Residents who bought in 2020, like all three board members, or 2021 can also celebrate exhilarating, post-covid price appreciation. The earliest homes in the community sold in $500,000s, according to county records, but by 2022 some homes were selling for over $1 million and in 2023 there were eight sales over $1 million, with a top sales price of $1,590,000.

Most of the million-dollar homes are on premium lots on the Indian River Lagoon, but two interior homes that back up to the retention pond sold for seven figures in 2023, with a top sales price of $1,350,000.

Even the least expensive homes in the neighborhood, those that back up to a wall that runs along route 510, have gained substantial value. A three-bedroom, three-bath, 2060-square-foot home in that section currently listed for $959,000 was purchased in 2021 for $568,700.

Lim said most residents live in the community full time, with about 20 snowbird households out of 57 homes, and that half of the snowbirds were back in Florida as of last week. “The others are coming back after the holidays,” he added.

Things have worked out well at Orchid Cove. Residents love the community, and those who bought early got a winning lotto ticket tucked in with their closing papers. But the community was a long time coming.

Delray Beach-based developer Cary Glickstein acquired the 31-acre subdivision site in two parcels in 2006, at the height of the housing boom. He bought 28 acres from the Lier family, descendants of island citrus pioneer A.B. Michael, for $16 million, and then paid another $1.6 million for an adjacent 2.8-acre parcel.

Thereafter he spent another $3 million or so on fill and infrastructure, including sewer lines, a central lake and circular road, for a total investment of more than $20 million, all with the intention of selling multimillion-dollar homes.

As late as the fall of 2008, Glickstein still thought he could buck the down market with a well-designed community of luxury homes on the barrier island, but reality eventually sunk in. He put the development on hold and later lost it to his lender, who in turn sold it to a hedge fund.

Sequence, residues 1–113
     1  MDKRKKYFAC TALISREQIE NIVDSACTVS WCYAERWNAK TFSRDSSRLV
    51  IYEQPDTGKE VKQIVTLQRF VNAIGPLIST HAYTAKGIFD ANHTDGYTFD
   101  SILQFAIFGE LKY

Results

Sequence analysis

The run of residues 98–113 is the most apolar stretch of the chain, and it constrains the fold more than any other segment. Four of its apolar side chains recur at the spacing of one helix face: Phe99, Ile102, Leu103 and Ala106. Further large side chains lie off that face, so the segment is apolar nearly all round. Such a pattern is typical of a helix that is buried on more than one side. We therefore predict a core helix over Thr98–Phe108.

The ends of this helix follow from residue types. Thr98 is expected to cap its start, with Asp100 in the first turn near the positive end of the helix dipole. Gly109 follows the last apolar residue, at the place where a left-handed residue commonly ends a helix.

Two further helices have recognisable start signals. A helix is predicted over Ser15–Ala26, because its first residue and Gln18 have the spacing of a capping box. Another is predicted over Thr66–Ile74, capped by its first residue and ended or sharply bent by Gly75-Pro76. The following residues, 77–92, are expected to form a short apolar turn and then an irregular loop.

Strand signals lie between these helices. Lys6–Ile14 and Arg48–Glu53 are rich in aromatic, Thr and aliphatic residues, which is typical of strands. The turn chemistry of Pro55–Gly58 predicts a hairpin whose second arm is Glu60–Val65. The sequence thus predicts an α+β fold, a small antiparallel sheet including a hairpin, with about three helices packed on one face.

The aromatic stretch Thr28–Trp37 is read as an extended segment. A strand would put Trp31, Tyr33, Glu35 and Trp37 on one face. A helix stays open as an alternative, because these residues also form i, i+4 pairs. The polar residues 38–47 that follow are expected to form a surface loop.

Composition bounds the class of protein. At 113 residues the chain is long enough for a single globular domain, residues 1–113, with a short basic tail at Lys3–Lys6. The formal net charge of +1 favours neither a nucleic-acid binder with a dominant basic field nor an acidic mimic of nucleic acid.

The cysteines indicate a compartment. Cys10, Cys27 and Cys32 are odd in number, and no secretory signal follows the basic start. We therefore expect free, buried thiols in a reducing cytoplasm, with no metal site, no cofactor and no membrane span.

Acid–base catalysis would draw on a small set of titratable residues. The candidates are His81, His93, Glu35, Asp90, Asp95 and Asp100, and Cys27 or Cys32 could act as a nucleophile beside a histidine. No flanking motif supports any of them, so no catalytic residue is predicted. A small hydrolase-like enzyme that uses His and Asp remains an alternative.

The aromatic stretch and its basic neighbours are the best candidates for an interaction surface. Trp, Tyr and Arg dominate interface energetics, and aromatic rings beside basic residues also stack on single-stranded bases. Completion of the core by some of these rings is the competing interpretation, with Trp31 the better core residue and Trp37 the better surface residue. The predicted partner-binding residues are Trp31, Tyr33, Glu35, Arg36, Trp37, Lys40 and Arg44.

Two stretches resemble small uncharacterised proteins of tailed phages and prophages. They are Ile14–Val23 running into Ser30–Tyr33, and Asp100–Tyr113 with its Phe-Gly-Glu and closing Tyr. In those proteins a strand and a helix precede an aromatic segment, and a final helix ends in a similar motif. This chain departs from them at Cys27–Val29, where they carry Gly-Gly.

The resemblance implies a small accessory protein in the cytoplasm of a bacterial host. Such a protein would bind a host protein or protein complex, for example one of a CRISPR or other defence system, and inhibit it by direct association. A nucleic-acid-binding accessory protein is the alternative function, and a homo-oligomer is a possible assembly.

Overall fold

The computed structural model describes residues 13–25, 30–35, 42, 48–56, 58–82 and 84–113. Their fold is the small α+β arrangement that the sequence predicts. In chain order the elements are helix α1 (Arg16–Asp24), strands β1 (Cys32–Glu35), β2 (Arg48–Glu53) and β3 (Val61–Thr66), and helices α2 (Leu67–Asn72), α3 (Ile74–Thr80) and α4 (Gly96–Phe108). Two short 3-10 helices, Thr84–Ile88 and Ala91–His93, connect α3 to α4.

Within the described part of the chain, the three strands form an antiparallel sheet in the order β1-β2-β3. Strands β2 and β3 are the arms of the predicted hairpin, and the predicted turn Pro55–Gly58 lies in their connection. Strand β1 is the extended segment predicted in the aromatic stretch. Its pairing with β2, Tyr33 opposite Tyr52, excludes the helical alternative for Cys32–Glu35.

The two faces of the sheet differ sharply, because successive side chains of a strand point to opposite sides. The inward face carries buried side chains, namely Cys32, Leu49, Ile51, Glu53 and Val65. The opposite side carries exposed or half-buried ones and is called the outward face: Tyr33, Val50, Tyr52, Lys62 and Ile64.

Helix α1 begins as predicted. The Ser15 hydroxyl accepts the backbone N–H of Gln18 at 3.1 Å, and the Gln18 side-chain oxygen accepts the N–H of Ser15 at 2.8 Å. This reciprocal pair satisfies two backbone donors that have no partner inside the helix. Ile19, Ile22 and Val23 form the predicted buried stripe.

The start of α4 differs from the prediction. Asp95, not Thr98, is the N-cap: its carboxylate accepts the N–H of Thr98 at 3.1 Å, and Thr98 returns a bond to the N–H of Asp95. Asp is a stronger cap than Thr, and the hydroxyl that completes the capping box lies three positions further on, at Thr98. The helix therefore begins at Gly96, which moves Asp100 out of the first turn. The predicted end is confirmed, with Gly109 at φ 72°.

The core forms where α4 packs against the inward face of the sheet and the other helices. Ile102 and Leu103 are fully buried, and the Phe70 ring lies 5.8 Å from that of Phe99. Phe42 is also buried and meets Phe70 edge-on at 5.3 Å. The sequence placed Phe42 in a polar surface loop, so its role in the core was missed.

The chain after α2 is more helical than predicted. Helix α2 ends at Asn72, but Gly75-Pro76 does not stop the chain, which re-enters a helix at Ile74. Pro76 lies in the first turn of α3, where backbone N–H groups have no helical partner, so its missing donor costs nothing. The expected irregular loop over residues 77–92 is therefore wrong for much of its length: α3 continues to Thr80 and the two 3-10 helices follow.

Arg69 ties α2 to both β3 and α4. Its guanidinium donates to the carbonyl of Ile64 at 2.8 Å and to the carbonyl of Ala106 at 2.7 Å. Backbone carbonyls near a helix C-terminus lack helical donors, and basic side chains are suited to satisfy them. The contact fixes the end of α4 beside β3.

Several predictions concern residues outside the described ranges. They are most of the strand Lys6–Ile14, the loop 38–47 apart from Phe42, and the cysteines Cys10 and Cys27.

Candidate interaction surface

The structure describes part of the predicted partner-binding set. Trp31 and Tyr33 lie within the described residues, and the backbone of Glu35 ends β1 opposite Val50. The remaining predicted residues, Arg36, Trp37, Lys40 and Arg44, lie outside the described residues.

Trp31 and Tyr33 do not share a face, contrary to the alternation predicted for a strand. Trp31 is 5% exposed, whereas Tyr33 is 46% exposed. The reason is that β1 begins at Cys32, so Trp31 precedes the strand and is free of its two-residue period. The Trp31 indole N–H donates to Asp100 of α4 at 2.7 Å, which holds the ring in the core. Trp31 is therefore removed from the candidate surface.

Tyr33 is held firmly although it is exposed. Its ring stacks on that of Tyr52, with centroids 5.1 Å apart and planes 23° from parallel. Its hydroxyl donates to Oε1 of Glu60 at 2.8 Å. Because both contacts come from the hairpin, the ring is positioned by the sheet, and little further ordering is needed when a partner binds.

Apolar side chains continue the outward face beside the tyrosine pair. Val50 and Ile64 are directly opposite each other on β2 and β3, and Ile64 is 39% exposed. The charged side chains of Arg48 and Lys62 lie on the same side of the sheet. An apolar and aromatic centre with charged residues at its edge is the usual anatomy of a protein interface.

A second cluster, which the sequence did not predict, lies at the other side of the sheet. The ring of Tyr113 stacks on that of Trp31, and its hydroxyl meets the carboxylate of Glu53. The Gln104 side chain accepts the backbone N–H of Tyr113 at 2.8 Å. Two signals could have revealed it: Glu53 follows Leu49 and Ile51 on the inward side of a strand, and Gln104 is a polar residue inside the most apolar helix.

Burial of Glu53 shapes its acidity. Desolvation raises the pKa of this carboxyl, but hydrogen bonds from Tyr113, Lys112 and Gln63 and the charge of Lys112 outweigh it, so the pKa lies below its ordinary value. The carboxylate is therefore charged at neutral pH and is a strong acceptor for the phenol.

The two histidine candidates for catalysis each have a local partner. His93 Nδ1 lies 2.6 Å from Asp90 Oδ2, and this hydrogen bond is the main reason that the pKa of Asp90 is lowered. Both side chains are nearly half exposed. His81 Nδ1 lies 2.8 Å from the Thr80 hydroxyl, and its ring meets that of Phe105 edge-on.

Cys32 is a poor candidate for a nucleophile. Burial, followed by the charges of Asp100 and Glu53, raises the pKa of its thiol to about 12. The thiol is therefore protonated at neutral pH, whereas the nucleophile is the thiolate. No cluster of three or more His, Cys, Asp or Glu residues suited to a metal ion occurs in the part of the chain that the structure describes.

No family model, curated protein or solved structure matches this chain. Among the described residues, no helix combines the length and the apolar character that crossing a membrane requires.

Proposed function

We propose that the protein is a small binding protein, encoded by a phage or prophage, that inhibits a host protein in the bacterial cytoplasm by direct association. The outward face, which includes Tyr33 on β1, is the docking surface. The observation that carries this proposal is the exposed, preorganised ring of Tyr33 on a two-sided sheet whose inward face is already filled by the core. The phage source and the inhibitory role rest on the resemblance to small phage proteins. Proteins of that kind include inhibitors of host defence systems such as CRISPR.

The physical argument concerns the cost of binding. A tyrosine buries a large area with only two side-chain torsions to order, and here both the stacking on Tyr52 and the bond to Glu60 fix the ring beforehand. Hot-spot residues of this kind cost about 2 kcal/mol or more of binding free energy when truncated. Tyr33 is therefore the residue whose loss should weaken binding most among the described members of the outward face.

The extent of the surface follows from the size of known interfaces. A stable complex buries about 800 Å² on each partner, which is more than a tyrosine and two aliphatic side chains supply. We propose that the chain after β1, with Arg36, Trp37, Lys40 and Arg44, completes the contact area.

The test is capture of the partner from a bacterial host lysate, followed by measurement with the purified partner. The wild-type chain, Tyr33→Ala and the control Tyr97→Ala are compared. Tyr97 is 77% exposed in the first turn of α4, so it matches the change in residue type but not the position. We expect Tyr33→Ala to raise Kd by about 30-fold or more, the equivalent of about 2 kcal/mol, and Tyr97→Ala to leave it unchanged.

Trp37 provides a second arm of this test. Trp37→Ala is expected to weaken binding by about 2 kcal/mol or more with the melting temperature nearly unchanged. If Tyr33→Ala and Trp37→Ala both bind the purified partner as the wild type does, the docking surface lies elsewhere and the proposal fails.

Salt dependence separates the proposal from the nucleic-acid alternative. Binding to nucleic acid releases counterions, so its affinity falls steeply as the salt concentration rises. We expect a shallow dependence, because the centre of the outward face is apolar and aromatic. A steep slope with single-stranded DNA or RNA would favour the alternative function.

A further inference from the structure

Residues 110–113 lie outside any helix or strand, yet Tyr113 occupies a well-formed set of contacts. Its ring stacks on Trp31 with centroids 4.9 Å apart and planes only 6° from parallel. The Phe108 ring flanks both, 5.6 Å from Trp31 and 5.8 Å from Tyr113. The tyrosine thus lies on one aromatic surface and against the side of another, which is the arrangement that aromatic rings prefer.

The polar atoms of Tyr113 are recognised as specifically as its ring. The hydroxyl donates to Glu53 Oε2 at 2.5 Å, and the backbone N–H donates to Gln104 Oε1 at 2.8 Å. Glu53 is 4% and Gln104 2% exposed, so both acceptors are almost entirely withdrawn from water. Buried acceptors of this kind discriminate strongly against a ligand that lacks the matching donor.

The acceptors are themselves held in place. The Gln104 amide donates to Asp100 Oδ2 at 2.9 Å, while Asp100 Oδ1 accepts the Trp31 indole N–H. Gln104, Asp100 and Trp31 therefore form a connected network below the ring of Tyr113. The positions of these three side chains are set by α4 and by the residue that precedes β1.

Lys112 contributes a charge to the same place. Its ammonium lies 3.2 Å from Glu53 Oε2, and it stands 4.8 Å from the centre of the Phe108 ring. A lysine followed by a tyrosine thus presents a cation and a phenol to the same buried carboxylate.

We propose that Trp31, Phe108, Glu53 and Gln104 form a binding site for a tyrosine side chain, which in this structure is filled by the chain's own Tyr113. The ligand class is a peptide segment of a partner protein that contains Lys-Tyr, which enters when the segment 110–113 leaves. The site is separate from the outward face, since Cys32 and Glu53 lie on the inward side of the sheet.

The property then languished until 2017 when developer and builder Peter Trematerra purchased the acreage for $6 million.

He soon had crews onsite, cleaning up the overgrown property and dredging a channel between the Intracoastal Waterway and the shoreline.

Trematerra’s original idea was to prepare the property and then sell the lots to a builder with a track record of quality and success.

In the end, he sold 37 lots to just such a builder, GHO Homes, and built 20 houses himself under the headings of Parkwood Distinctive Homes and Vero Beach PD Homes.

“Once [GHO President] Bill Handler got here, things moved fast,” said Binder, who bought his GHO home in October 2020. “Early on, Bill had a couple of spec homes and two models but then COVID hit the same month he had his grand opening planned. That killed everything for a little while but then things just took off.”

“I met with Bill as we started the transition to resident ownership,” said Lim. “He was very easy to work with. He understood our concerns and was willing to work with us. Our attorney who represents our homeowners’ association has met with Bill many times and only has good things to say about him. We were sad to see Bill go.”

If anyone would like to try out the lifestyle Handler and Trematerra built the framework for, there were three homes listed for sale in Orchid Cove at the end of December – a three-bedroom, three-bath, 2,406-square-foot riverfront house offered for $1.5 million and two houses that back up to route 510, which are offered in the $900,000s.